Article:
Sometimes we have things on our devices that are very sensitive, so much so that we need to completely hide or delete them in emergencies. F-Droid already supports receiving PanicKit triggers to make F-Droid hide itself. F-Droid v1.7 adds more alpha features to expand the range of options of what F-Droid can do in response to panic situations. We think these can be very valuable for many users, but keep in mind, these features are alpha. They are functionally complete, but they need to be widely tested before we can call them stable. Specifically, the user experience should clearly communicate what kinds of data will be permanently deleted, and what kinds of data might still be left around afterwards.
F-Droid now allows the user to choose any installed app to be uninstalled in response to a panic trigger. Uninstalling will wipe that app’s internal data, permanently deleting it. It might not wipe data that apps store on external storage, like images, videos, downloaded documents, etc. To ensure those are wiped, a separate panic response app is required. It is essential to have a complete, tested backup before trying this new feature.
Any app that F-Droid can uninstall can be included, including Ripple and F-Droid itself. So the whole panic setup could be wiped as part of the response. This requires F-Droid Privileged Extension be installed on the device, in order to uninstall apps without a prompt for each app. Android ROMs like CalyxOS, CopperheadOS, Fairphone Open, Replicant, and LineageOS for microG all include F-Droid Privileged Extension.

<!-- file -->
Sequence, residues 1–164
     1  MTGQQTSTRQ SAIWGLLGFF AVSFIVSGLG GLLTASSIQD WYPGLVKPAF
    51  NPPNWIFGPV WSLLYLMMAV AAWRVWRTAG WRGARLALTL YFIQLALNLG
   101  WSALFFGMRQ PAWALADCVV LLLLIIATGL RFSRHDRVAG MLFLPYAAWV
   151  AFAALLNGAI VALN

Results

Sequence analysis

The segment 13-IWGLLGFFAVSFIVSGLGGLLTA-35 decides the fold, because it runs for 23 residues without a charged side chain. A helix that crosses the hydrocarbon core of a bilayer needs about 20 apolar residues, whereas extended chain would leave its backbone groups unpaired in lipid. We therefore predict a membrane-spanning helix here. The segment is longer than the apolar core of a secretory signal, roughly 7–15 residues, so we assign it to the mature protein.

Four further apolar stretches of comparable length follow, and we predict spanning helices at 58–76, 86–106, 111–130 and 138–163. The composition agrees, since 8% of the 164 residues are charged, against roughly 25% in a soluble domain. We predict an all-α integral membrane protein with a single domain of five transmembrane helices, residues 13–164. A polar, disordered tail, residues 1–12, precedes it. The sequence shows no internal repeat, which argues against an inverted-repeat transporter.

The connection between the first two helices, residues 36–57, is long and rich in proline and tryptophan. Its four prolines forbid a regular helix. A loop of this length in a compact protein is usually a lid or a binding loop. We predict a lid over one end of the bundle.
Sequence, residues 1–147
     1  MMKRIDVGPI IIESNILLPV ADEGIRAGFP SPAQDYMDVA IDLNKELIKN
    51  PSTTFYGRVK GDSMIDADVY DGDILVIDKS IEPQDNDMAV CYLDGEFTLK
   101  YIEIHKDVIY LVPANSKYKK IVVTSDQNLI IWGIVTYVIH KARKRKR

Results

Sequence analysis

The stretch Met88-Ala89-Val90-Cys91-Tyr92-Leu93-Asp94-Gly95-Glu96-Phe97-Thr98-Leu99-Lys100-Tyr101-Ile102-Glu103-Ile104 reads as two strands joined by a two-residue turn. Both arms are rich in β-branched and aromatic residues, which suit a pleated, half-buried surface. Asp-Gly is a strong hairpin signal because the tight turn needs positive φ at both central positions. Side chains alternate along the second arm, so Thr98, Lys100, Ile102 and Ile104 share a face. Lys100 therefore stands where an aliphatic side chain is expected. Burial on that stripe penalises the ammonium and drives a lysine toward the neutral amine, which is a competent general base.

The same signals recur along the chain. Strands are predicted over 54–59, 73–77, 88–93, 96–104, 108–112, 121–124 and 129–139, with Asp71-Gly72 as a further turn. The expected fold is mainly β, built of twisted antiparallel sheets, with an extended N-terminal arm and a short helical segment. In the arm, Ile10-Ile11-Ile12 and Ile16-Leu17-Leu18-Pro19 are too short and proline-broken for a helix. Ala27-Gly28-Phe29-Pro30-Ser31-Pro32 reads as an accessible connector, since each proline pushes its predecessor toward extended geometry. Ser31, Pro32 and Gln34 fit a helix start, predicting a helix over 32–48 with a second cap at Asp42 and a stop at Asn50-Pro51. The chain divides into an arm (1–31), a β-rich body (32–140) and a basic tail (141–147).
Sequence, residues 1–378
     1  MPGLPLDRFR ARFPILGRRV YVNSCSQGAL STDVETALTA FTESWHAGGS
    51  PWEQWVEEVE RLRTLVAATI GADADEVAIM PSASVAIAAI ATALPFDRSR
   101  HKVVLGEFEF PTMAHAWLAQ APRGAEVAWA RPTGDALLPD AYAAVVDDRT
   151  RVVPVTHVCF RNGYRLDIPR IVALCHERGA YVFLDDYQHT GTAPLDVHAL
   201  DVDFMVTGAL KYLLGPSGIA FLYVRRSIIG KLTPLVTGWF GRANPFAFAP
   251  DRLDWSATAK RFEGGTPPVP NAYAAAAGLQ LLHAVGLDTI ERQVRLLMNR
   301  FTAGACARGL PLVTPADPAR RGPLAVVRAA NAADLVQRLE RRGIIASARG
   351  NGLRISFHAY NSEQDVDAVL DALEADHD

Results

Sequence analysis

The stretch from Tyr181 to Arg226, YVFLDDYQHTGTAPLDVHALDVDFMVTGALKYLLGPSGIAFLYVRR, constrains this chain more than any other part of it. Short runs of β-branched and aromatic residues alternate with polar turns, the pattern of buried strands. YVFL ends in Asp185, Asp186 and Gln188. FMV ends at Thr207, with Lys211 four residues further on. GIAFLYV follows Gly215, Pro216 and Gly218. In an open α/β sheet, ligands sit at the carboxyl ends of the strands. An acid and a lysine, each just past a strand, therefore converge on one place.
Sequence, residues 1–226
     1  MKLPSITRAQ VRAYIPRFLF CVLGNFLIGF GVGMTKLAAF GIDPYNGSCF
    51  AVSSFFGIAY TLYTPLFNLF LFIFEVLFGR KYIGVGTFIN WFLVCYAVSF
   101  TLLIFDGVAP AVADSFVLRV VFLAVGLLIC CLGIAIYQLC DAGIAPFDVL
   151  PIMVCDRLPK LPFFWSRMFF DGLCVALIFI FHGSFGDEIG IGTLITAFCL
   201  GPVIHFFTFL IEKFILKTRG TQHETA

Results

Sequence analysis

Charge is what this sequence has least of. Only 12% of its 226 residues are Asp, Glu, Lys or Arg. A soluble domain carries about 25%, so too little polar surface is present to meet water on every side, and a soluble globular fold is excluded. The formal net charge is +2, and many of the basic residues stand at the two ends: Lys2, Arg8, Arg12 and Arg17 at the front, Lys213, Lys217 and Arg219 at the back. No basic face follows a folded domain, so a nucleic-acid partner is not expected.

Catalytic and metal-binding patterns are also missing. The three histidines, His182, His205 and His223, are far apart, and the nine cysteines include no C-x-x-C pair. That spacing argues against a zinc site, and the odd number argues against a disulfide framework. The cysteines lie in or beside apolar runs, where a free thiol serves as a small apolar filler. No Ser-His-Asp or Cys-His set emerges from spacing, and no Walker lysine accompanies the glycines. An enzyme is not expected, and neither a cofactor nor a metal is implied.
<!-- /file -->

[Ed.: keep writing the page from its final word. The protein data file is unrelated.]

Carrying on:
The repo configuration can also contain sensitive information. For example, there might be a custom repo on a private server, or a specific app repo, like Briar or Tor, that is included to ensure the quickest updates. Therefore, there is now also an option to reset the repo configuration to defaults. Remember to backup your repo configuration before trying this. The repo URLs can be individually shared from the “Repo Details” view, or they are included if you share the install history, after enabling that option in “Expert Mode” in Settings.
This round of work includes a new prototype for embedding PanicKit directly into Android. Android 9.0 Pie introduced a new “lockdown” mode which follows some of the patterns laid out by PanicKit. There is an Enter lockdown button available on the power button menu, so it is rapidly available. This is a great panic trigger button, and there is a prototype of a “System Settings” app that lets users connect the full flexibility of PanicKit responses to this Enter lockdown button. The functionality that Google links to this new button is extremely limited, it seems to be a one time restriction on how you login. The PanicKit responses are in addition to what Google included. CalyxOS is working to integrate this, look for test releases soon!